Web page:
An investigation into a social divide on campus: President Harris on campus culture and “crossing 10th”

Carter Ottele, Contributing Writer

This semester, I’ve been investigating the divide between athletes and non-athletes at Grinnell College. To wrap up my project, I talked with President Anne Harris to get a sense of the administration’s perspective. Our conversation ebbed and flowed from the tactical to the philosophical, addressing specific programs as well as the very concept of athletics at an academic institution.

Harris, who attended a liberal arts college for undergrad before teaching at DePauw University, called Grinnell’s social divide unique among the institutions she had been part of. “There’s something very particular happening at Grinnell,” she said.

She first learned of the divide in the fall of 2019, when the Grinnell football team received national attention for forfeiting their season. Along with low participation, the team cited the school’s disinterest as a pivotal reason for prematurely ending the season. Harris conversed with football players during the process and learned that many student athletes felt unsupported and excluded by both the administration and the student body.

Harris linked the 2019 experience to the concept, “crossing 10th,” a phrase I’d never heard before this discussion. In this case, 10th refers both to the physical gap between the Charles Benson `39 Recreation and Athletic Center (Bear) and campus (10th Avenue) and the symbolic gap between athletics and academics. Crossing 10th, then, involves combining sports with academics. The task can challenge non-athletes, who are rarely obligated to cross 10th literally or figuratively. Harris told me that the administration held a two-day retreat in May dedicated to this topic.

“How do we valorize athletics at Grinnell?” Harris asked rhetorically. Evidently, the administration views this question as part of a broader effort to improve the social health of students. Harris stressed the importance of a united school that can overcome superficial divisions, especially those guided by assumptions or “social misgivings.”

“We don’t enter this space as stereotypes. We stereotype each other,” Harris said. Whether it’s non-athletes perpetuating stereotypes about athletes or athletes refraining from connecting with non-athletes, the Grinnell community suffers. 

When I asked for the administration’s solutions to the problem, Harris listed a few strategies. The mandatory First-Year Experience course, she said, represents an opportunity to “have conversations and change one’s mind.” The Bear, with diverse offerings for all students, can guide non-athletes toward crossing 10th. And, more than any other plan, Harris emphasized the role of spectatorship. “Spectatorship is a relatively unexplored identity at Grinnell,” she said. 

We don’t enter this space as stereotypes. We stereotype each other.

— President Anne Harris

As she explained, the process of attending sports competitions at Grinnell and cheering for peers can help non-athletes feel closer to athletes. At the same time, athletes may feel closer to the people supporting them during games or tournaments. As such, she “profoundly” invites all Grinnell students to turn out and motivate their fellow peers.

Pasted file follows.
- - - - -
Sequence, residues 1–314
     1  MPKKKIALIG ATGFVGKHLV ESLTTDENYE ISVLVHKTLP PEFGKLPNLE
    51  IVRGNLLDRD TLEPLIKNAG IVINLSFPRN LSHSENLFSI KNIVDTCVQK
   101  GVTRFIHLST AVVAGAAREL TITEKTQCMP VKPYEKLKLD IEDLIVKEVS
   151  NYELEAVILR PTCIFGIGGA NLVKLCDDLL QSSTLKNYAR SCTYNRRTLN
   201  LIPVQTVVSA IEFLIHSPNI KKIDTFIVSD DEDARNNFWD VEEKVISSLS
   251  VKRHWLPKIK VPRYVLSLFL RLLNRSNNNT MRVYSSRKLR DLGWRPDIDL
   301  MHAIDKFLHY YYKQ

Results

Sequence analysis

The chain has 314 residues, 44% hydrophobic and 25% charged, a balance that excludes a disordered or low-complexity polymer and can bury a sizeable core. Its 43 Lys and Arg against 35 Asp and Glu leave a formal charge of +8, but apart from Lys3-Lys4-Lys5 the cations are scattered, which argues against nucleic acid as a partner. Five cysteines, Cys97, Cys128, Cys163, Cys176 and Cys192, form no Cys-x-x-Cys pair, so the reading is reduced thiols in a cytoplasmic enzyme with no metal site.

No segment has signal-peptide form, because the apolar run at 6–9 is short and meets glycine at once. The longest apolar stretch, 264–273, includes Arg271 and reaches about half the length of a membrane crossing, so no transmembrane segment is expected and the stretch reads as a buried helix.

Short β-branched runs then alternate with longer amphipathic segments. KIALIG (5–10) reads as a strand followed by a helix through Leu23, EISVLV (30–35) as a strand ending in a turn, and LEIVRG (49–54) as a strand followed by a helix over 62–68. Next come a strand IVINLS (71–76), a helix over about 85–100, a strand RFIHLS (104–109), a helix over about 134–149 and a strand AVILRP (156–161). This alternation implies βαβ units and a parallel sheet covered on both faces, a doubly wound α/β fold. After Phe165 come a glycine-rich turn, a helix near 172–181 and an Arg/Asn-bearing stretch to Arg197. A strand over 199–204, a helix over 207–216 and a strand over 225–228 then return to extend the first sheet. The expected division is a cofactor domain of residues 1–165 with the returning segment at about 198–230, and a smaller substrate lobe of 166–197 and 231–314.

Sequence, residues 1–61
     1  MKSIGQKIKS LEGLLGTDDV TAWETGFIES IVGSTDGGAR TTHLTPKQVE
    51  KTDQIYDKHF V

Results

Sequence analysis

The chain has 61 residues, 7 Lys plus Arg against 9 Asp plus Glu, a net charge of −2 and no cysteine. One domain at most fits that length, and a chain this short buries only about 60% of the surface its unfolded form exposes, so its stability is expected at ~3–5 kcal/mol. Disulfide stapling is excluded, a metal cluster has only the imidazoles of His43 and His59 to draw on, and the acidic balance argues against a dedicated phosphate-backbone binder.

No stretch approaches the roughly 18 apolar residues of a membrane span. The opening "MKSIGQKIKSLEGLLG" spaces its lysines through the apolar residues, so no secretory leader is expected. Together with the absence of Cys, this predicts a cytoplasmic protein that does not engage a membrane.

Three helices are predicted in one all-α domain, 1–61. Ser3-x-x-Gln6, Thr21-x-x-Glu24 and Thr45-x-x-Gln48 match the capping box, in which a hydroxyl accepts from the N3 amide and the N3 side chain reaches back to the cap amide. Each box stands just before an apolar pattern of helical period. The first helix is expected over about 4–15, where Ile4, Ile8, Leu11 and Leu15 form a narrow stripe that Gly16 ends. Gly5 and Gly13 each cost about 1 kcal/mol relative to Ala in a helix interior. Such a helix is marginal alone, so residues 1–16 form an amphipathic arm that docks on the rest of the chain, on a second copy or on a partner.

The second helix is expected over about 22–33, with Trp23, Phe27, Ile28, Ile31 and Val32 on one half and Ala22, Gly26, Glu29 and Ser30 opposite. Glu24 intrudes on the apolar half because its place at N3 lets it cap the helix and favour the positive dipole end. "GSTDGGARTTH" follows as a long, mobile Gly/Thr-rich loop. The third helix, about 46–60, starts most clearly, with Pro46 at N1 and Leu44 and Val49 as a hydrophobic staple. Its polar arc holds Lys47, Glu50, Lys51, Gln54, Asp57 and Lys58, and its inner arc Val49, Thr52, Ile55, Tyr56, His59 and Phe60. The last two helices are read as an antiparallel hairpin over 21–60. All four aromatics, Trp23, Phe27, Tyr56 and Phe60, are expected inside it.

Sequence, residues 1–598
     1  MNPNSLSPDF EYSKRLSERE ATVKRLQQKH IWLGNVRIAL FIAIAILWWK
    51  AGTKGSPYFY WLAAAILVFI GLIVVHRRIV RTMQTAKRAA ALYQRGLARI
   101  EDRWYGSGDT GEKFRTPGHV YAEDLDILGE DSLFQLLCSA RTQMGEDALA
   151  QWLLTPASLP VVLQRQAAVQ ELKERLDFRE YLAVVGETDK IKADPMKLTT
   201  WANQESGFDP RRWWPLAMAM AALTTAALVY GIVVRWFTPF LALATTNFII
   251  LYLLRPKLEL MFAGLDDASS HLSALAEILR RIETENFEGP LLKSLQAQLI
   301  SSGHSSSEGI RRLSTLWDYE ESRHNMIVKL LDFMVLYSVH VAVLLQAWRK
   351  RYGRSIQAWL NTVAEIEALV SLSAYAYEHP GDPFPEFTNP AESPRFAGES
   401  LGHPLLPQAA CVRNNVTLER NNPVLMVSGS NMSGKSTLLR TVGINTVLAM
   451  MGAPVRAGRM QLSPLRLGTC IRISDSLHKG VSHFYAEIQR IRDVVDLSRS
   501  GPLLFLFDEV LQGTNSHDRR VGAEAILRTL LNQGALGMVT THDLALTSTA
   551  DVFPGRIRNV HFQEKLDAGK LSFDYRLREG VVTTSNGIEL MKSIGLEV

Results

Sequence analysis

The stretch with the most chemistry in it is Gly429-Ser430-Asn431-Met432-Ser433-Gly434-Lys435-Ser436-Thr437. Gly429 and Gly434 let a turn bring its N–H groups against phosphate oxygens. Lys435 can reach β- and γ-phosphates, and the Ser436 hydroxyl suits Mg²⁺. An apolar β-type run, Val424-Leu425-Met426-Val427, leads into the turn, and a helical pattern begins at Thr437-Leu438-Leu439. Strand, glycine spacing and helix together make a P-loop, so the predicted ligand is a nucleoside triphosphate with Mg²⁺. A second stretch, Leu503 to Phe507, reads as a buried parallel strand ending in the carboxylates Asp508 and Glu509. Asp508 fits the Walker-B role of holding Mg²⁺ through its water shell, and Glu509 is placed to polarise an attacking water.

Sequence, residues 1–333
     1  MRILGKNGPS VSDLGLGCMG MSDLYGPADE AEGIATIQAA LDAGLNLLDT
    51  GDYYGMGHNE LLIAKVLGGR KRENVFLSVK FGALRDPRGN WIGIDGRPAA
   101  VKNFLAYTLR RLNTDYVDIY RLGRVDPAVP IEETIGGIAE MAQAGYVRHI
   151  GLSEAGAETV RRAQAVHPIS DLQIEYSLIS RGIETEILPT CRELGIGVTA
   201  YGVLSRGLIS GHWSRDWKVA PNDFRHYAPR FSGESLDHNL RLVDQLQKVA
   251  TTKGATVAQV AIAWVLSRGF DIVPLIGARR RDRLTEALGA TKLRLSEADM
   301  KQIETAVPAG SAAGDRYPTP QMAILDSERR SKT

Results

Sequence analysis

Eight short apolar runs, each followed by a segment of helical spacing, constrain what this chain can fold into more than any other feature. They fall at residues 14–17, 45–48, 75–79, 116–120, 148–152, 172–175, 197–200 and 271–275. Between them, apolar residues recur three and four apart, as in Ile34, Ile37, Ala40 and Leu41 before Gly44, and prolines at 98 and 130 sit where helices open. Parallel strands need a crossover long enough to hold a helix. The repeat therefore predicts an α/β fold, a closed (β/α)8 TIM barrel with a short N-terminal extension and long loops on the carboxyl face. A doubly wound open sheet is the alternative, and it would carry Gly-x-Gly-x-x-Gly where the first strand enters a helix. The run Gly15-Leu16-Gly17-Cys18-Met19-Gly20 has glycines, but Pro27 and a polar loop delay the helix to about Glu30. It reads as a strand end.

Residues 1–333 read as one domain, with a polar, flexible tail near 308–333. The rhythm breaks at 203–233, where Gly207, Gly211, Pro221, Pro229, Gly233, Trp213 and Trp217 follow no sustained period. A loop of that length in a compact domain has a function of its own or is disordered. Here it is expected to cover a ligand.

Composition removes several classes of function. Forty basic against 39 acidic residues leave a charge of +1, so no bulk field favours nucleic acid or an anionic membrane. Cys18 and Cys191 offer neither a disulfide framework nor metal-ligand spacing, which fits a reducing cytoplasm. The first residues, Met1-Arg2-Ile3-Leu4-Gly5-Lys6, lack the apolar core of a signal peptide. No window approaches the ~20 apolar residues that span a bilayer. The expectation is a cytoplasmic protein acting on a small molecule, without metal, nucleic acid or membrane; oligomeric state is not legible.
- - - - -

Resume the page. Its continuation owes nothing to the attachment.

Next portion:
Similarly, Harris accentuated the need for change to come from students. “I can send emails. I can make speeches,” she said. Nevertheless, “people have to change their own hearts.” 

Our conversation also touched on conceptual topics. Harris, a trained scholar of medieval art, illuminated the historical Western divide between mind and body. As part of the larger movement to rethink Western orthodoxy, she said, the school has to reinforce the intrinsic bond between intellectual and physical pursuits. By strengthening that link, students can reclaim their status as amateurs — defined not in the typical sense, as opposed to professional, but in the French etymological sense, as “someone who does something because they love it,” Harris said. Sports should be fun, and as much as Grinnell values athletic competition, the seriousness of athletics should never trump the school’s social health.

Thus, the social divide seems problematic. It threatens the school’s social health, feeds into stereotypes and jeopardizes our ability to “see each other in living color,” as Harris phrased it. From this interview, I gained crucial insight into the implications of the social divide and potential paths moving forward.

As I arrive at the end of my project, I have tried to reflect on the knowledge I have gained. I struggled to summarize my research from this semester because it has veered in so many directions. 

To the best of my ability, though, I have condensed it into five takeaways: First, athletics does not draw from a meaningfully different population than the rest of the school. Second, most students form friend groups early in their time at Grinnell — for athletes, it is particularly easy to make these initial connections with teammates, and for the rest of their time at Grinnell, it remains easier to hang out with teammates than non-athletes. Third, some athletes feel a sense of exclusion, but non-athletes are more aware of the divide. Fourth, school culture has cemented this division by embracing stereotypes and discouraging social expansion. Finally, change can only come from the active decision to combat external pressures, reverse calcified social positions, foster a variety of interpersonal connections and thus bridge the social divide.

On the last point, I have spent this semester upending my own assumptions. I hope this project can inspire others to change their hearts as well. Maybe, if Grinnell acknowledges and addresses the problem, we can grow beyond it.